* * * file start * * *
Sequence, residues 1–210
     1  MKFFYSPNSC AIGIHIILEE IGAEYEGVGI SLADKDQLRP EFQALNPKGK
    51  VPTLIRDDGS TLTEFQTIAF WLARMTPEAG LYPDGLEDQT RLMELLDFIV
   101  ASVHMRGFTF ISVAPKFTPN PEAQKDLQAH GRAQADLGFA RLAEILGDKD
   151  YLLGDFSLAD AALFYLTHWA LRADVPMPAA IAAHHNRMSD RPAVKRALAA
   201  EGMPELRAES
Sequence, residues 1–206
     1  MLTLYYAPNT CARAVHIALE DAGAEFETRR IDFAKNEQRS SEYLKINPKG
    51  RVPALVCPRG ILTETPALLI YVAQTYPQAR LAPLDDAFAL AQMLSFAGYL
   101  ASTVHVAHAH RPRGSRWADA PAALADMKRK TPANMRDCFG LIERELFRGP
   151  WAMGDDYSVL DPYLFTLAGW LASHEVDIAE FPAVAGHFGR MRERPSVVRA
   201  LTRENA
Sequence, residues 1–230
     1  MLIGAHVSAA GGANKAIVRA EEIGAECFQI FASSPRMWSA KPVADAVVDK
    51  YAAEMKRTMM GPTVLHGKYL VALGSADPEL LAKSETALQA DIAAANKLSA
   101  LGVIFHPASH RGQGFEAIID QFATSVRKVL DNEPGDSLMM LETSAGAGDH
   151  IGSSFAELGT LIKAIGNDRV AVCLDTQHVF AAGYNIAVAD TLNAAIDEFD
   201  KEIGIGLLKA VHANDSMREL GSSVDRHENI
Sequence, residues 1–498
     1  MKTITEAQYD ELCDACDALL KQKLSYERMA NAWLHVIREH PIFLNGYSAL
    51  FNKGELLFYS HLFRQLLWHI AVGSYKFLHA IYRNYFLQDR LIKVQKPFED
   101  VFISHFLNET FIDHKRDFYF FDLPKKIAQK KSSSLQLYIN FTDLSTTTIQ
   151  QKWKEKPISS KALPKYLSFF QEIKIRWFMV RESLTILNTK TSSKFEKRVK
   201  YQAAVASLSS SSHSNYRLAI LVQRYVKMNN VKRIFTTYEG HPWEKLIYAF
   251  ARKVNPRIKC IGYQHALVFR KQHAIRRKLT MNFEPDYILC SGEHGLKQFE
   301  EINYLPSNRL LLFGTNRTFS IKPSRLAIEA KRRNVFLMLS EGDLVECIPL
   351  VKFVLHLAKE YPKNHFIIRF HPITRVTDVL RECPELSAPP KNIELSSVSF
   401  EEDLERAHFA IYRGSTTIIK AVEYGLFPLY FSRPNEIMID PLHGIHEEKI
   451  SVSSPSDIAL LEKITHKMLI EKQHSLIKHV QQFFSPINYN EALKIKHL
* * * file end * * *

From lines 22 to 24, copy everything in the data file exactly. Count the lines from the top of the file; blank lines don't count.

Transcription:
   101  VFISHFLNET FIDHKRDFYF FDLPKKIAQK KSSSLQLYIN FTDLSTTTIQ
   151  QKWKEKPISS KALPKYLSFF QEIKIRWFMV RESLTILNTK TSSKFEKRVK
   201  YQAAVASLSS SSHSNYRLAI LVQRYVKMNN VKRIFTTYEG HPWEKLIYAF